Driving While White
To the Editor:
I have been thinking a lot about racial disparities in this summer of Black Lives Matter protests. It is also true that I have been thinking about racial disparities and social justice my entire adult life, beginning with my first understanding about race and racism as a teenager, and I was a very optimistic singer of “We Shall Overcome” in the 60s. I don’t know if the current movement of civil unrest will lead to significant systemic changes in the fabric of U.S.society, but it seems to me that there are more white people today willing to think about race and racism than there have been in many decades.
In thinking about these disparities from a personal perspective I am remembering about a time in the early 70s when I was stopped by the police while I was driving from downtown Los Angeles to Terminal Island, California, where I was living at that time. I was a fairly new resident in California and not yet familiar with the massive freeway system. Terminal Island was a quirky address; not very many people even knew of its existence, never mind how to get there, so asking for driving directions if I got lost was not really an option. I remember that I did know one way of navigating the various highways that would get me to the freeway I knew, a route that necessitated my making a left turn where a no left turn sign was prominently posted. I wasn’t sure how I would get home if I didn’t make that left turn. It might be hard to imagine this situation today, given GPS information that exists everywhere, but I did not even have a good road map with me in the car, and smart phones had not yet been invented.
My two oldest children were in the back seat strapped into their car seats, both under two. We had been at a two year old’s birthday party, both kids were long past their usual nap time, and they were fussy and cranky on the car trip home. I am sure I must have tried singing to them to get them to settle, but that works best in fairy tales where children magically fall into a dreamy sleep. Shortly before we arrived at the place where I had to make the illegal left turn, both children had just nodded sleepily and had fallen asleep. I was relieved that the rest of the hour long trip would not be miserable for them or for me. Suddenly from behind a bridge a police car came, with lights flashing and sirens blaring, and a voice from a bull horn screaming, “PULL OVER!” I quickly pulled the car off the road and the officer pulled his car behind mine. As the officer walked toward my car I rolled down my window as wide as it could go, leaned out as far as I could lean, and hiss-whispered in a menacing voice, “Quiet! I just got these children to sleep!” The officer looked at me, a little surprised, then looked at the still sleeping children and backed away from the car, saying, “Oh, sorry.” He must have had second thoughts then, and he added, whispering, did I know that the left turn I had just made was illegal? I waved back to him to say, yes, thanks, and off I drove.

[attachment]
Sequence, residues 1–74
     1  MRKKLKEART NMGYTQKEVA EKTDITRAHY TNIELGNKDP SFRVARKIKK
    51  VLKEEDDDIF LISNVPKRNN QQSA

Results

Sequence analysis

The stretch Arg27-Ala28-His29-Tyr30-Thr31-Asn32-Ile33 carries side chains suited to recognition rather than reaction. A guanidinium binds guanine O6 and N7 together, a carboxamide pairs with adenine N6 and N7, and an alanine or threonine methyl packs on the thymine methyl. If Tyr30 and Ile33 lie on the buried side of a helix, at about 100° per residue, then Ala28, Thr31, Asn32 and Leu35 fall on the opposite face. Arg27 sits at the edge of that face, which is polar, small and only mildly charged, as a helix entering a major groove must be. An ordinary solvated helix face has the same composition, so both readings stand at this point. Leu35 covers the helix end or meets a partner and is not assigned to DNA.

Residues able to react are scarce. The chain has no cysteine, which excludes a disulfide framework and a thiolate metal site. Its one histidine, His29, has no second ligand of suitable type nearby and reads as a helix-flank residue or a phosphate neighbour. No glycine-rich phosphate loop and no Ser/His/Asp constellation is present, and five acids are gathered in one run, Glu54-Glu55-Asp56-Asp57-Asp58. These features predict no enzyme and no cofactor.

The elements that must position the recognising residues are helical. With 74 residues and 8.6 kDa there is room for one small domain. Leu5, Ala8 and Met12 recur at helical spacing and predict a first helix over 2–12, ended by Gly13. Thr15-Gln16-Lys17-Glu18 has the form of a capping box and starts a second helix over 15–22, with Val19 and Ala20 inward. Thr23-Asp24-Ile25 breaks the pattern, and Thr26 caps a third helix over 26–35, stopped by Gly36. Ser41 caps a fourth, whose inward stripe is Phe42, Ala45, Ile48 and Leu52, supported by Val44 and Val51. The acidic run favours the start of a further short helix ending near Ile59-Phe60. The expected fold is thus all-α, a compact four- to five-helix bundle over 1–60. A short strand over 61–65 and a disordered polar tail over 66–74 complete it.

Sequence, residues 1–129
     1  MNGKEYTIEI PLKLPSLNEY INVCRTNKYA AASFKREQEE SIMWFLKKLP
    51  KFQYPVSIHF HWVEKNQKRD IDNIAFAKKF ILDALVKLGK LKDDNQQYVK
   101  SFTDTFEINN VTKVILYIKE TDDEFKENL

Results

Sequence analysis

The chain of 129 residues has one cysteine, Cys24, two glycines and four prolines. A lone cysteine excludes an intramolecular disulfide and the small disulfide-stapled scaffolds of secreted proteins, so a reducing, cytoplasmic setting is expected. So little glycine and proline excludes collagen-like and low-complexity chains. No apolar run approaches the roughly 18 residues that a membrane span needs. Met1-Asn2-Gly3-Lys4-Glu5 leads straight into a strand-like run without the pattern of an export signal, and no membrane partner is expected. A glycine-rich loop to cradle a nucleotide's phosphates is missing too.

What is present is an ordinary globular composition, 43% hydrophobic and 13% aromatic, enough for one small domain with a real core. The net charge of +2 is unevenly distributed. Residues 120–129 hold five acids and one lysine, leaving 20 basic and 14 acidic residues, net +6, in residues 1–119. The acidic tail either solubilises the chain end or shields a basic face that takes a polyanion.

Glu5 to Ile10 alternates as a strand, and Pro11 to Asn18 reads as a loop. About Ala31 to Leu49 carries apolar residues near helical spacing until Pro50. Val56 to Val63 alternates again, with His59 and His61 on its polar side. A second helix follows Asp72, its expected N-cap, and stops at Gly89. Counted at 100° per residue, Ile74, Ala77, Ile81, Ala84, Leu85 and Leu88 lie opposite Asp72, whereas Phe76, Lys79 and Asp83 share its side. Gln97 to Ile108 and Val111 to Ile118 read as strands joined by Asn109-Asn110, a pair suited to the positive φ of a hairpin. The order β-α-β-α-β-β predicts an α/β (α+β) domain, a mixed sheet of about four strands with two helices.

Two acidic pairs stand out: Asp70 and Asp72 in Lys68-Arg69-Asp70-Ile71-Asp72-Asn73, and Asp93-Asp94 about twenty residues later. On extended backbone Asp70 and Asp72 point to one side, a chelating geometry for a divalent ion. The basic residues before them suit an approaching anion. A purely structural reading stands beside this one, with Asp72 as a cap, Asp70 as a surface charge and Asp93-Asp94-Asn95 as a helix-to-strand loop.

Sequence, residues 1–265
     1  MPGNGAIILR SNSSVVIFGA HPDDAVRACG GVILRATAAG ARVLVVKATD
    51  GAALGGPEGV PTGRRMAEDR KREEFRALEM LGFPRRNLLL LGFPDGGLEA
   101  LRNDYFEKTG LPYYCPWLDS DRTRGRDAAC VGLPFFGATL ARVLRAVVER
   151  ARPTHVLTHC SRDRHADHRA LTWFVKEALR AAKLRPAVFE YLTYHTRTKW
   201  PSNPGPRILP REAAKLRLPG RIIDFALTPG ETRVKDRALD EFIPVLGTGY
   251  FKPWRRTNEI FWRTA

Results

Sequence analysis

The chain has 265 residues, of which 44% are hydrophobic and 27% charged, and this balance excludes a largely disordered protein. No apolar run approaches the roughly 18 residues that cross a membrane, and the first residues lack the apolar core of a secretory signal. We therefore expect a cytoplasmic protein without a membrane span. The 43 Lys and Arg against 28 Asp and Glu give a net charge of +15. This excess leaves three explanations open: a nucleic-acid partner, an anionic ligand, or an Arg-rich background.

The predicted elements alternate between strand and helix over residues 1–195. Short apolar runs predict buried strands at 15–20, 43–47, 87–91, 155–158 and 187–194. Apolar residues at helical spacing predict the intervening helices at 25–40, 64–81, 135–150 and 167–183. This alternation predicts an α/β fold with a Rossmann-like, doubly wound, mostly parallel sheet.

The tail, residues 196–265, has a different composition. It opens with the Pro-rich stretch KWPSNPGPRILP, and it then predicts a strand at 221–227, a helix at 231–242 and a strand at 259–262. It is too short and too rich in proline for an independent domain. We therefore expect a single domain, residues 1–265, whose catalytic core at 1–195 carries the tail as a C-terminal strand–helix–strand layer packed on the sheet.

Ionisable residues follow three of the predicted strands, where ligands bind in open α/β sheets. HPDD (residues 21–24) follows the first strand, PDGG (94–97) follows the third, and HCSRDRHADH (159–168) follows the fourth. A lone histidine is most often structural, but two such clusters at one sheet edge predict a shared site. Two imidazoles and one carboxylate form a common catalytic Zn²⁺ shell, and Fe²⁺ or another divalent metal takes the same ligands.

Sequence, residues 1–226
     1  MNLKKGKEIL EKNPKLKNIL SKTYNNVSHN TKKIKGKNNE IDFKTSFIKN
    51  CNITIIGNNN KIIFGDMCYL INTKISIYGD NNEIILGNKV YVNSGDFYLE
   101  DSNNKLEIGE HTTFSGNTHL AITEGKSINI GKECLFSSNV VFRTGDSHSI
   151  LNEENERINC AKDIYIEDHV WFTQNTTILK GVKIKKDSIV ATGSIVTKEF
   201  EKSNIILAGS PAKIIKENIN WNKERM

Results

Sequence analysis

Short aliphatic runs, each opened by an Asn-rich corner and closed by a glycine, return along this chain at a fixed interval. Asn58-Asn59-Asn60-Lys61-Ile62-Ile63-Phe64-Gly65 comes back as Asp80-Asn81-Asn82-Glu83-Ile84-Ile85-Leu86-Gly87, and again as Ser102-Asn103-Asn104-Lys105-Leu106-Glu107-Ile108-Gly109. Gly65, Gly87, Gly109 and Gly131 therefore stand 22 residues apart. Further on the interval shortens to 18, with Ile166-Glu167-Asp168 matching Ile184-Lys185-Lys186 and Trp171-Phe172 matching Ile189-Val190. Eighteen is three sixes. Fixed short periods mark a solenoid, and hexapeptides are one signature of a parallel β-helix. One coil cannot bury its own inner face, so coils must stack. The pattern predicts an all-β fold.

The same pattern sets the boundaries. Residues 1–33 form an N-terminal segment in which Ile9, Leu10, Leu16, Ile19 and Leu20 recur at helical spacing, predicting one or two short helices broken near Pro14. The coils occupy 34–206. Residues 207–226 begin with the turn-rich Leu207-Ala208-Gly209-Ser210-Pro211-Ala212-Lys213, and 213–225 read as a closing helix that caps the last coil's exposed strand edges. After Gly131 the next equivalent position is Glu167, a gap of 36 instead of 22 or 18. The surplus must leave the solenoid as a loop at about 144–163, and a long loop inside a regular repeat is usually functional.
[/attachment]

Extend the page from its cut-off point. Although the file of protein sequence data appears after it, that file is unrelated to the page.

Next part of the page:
This is the ultimate white privilege story. It never crossed my mind that day that I might be in any danger from the law. I don’t remember feeling any concern that my actions in asking the police officer to not do his job might have been unreasonable or inappropriate. Did I wonder if it was okay for me to expect cooperation or collusion from a police officer? No, that didn’t cross my mind. The concept that I would be given the benefit of the doubt was so pervasive it was rarely, if ever, articulated. All people deserve the kind of policing response I received that day; only some people get it. The young man who was the officer on duty in this incident might have seen me as a damsel in distress and maybe even a little crazed, a woman with two very young children, possibly barely coping. He might have been a father. Maybe he recognized in me his mother, sister, wife or niece. I have thought about this incident many times since that day: both the ultimate chutzpah of my actions and the unfairness of my white advantage. To be clear, I deserved to be ticketed for making an illegal left turn, and I would not have objected to getting a ticket, but I know I would have been furious if that officer had awakened my sleeping children.
Ellen Hofheimer Bettmann